A World I Once Knew


A World I Once Knew

 An Informal Thesis

Behind those stern faces in the faded picture above, there is a stoic acknowledgement of the times in which my Mama and Papa lived. Behind their stern expressions there are compassion and love. They likely didn’t know too much about cameras and picture-taking back then.


How do I know about their compassion and love?


They’re my paternal grandparents, and I lived with them in that clapboard house behind where they sit in the picture. A great depression was hitting the country. Malaria and lack of jobs brought Appalachia to its knees, decimating the southern population. Not only the diseases were claiming lives, but the great depression was claiming families with disconnect and divorces. The men went where there were jobs, often leaving their families and traveling to other states. Many men were angered by what they perceived as a government forgetting the people they represented and took their anger out on their spouses and children.


My father and mother divorced. Because my mother could not provide for us, my older sister was sent to live with my maternal grandparents. I was sent to live with those sweet people in the picture above.


There were some families in our rural hamlet much worse off than my Mama and Papa, and I can remember vividly Papa taking sacks of potatoes to a clan living nearby and to others who needed help.


Mama and Papa had a cow they called Bessie and a mule called Fred. Bessie left each morning to graze in the green fields. She had a brass bell around her neck, and, in the late afternoon I would go find Bessie and bring her home for milking…she was always easy to find because of her brass bell.


Papa tilled his land with Fred, grew corn, potatoes, green onions, tomatoes, turnips, green beans, and slopped his hogs. Aside from those chores Papa also ran a steam engine around the mountain near us and hauled lumber back to the local sawmill. I remember Mama packing his metal lunch pail in the morning, and I ran down the old dirt and gravel road to greet him in the afternoon. He was whistling and grinning when he grabbed me, hugged me, whiskered me gently, teasingly, and gave me what was left in the metal lunch box.


There were two brothers and a daughter living in that small clapboard house. For a while I slept with my pre-teen aunt until a cot was set up for me in the living room. The brothers dropped out of school and were helping Papa with the planting and the hogs. The brothers tried to teach me how to hoe corn, but I was too small and couldn’t last too long.


Mama had her roosters and hens, collected the eggs every morning and carefully filled her apron and carried them to the house. She washed her clothes with lye soap, stirred them with a broom handle in a big black iron tub outside, and hung them on her clotheslines to dry. As another chore she took Bessie’s milk and churned it into butter in a tall porcelain container, pumping that churn rod up and down for what seemed like hours. On certain mornings I would hear the hens yacking like crazy as Mama chased them. When she caught one, she wrung its neck with long sweeping circles until its body went flying off into the grass.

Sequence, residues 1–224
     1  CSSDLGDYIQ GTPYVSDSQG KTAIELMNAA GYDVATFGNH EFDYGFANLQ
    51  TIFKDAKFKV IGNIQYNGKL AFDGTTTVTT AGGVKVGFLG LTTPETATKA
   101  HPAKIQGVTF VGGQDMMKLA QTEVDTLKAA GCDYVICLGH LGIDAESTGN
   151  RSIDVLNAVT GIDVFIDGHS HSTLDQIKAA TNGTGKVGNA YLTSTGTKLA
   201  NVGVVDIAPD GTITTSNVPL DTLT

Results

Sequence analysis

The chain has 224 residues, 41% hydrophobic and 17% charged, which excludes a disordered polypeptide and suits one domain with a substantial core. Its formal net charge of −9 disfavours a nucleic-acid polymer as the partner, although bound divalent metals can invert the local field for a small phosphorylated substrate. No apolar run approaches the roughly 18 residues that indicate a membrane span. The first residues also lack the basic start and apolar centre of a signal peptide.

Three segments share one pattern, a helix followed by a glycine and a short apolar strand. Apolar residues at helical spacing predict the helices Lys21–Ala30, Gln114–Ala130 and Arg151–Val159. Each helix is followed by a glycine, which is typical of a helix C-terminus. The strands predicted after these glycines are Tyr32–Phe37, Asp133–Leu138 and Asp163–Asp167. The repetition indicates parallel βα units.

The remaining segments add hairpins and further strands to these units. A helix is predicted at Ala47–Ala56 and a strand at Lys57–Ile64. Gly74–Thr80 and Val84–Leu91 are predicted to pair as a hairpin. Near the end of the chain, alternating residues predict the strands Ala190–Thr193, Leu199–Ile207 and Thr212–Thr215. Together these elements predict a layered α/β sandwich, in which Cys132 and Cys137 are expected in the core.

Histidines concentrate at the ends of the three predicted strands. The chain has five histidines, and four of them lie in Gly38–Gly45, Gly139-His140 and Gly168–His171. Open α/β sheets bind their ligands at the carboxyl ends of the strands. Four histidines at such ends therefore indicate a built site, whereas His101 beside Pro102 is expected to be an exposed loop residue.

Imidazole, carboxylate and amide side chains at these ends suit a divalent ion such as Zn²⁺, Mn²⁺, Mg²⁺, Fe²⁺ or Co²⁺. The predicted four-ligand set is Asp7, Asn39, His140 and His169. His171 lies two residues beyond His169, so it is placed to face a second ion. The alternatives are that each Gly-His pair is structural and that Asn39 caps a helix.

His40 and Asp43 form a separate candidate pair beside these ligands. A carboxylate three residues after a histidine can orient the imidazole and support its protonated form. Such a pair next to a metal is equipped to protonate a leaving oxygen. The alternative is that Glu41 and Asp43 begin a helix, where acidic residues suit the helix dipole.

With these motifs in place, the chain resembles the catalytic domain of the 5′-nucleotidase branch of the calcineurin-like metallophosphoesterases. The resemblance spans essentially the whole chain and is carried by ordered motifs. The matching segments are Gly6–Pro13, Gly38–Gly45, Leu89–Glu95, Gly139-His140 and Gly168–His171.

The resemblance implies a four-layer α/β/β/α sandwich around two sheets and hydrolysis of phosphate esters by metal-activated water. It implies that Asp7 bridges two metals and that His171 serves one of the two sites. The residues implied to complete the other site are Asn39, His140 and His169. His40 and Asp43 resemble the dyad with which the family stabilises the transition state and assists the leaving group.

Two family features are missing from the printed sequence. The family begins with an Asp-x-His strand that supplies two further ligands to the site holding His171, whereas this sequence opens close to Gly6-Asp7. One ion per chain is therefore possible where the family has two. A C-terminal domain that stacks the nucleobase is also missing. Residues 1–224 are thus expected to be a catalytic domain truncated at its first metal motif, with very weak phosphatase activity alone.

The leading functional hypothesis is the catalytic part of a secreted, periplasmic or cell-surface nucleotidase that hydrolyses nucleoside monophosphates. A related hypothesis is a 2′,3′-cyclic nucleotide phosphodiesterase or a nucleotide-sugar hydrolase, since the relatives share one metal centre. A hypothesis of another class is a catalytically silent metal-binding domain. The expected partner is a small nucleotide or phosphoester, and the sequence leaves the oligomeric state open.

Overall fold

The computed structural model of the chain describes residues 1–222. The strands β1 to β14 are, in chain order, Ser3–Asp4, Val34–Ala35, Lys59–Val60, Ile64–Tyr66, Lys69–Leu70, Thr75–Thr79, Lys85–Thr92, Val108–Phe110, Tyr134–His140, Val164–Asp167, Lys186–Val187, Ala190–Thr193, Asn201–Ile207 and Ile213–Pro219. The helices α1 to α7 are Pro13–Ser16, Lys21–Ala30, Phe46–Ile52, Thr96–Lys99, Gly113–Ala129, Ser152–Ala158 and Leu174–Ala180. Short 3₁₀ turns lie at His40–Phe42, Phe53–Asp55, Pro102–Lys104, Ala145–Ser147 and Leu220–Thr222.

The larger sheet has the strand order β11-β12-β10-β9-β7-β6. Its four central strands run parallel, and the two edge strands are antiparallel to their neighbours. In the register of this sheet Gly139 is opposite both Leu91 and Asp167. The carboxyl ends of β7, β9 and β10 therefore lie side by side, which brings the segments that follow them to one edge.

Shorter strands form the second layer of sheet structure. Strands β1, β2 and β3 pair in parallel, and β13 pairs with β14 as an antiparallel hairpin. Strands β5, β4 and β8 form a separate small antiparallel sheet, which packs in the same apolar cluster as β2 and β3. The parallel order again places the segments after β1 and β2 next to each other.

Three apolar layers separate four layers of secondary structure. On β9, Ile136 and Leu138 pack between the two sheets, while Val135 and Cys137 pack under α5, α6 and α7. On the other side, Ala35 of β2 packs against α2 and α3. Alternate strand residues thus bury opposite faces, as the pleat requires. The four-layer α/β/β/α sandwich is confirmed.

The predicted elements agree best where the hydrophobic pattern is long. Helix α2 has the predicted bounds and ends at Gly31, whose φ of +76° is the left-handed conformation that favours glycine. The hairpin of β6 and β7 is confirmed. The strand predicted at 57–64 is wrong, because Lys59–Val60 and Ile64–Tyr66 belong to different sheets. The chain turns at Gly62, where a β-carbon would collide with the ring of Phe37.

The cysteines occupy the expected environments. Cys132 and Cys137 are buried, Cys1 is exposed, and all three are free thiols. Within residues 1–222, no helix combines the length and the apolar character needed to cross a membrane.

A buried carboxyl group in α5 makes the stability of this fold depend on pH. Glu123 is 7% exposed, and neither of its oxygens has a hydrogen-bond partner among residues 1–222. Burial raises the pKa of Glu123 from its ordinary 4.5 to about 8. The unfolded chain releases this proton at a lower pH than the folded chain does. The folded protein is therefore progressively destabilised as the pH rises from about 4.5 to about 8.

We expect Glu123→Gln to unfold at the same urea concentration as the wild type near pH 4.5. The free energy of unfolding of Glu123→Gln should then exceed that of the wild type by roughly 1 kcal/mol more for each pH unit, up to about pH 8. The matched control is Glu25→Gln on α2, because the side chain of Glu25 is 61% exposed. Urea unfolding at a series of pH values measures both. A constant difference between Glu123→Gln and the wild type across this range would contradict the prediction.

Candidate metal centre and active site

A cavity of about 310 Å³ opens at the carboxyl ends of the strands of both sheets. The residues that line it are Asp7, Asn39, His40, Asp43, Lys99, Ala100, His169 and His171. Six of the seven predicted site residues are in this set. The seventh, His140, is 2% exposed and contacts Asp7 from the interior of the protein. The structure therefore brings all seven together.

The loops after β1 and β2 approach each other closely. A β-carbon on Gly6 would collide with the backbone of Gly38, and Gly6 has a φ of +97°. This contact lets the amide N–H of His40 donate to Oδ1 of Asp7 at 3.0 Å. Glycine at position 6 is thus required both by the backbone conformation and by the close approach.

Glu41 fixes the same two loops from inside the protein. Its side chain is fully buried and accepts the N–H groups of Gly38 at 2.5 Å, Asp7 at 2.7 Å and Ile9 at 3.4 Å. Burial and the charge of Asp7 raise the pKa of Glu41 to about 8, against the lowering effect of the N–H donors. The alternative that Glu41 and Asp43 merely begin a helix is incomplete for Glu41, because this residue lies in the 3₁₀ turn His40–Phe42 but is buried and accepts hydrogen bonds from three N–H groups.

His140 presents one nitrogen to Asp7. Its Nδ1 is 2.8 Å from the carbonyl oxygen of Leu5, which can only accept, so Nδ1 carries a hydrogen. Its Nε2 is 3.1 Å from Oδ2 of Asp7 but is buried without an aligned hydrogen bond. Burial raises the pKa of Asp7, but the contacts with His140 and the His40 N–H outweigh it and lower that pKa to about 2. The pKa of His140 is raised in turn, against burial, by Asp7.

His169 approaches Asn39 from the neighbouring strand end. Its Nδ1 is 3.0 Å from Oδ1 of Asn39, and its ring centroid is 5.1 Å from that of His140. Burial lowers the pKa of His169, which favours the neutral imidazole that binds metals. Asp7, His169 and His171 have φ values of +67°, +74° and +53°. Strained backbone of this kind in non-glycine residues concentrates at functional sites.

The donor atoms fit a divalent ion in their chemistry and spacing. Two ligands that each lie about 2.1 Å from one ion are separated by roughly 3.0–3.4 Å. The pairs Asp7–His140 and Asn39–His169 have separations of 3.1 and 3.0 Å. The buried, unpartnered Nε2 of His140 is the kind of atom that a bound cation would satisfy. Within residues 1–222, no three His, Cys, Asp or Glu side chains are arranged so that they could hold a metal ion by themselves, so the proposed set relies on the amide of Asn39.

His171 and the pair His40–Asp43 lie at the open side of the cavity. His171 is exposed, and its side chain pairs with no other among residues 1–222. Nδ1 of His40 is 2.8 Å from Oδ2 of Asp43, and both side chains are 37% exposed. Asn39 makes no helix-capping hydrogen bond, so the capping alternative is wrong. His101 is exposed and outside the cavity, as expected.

The meals Mama cooked were to my little boy’s tummy a real taste treat…


Well, why am I writing about all of this?


To tell the truth, my memories go back there a lot, some of them really good, some, not so much.


What truly prompts this writing spell are some political speeches heard this year. It is election time here in 2016, and, well, it’s my belief we made a big mistake by twice electing Mr. Obama. (The previous sentence has nothing to do with Racism – in fact, the man impressed me back in 2008 and I wanted him to succeed.) However, in all my years I’ve never seen the country as fouled up as it is today…with all the ‘political correctness’ and what I consider some terrible decisions made by this president and his administration.


Now, we’ve got Hillary Clinton running for the Democrats and Donald Trump running for the Republicans. There are some who believe these two don’t give us much of a choice. But I’m thinking our freedom and liberty, our democracy, are in the worst trouble that I can remember, and I don’t want eight more years with this far-left leaning woman. So, I’m voting for Donald Trump. He’s got some good people in the background working with him, and he’s certainly not the same old brand.


Now, look, of course, you will vote the way your heart and mind tell you. I’m really not trying to sway anybody. For me, though, this Obama fellow and this Clinton woman have screwed things up about as bad as they can be screwed up. I’ve seen the USA in the good and bad times, but, for me, this is a critical election. If there is any chance of saving our republic, we have to get away from establishment politics and get a fresh face in the oval office, make many changes (including on what and how we expect our government public servants to spend our hard-earned money).


If Donald Trump does only a few of the things he’s promising, then I can feel our nation is back on a solid foundation – you know, how those good people who wrote the Constitution wanted it to be, how my family want it today, how Mom, Dad, Mama and Papa would have wanted it to be.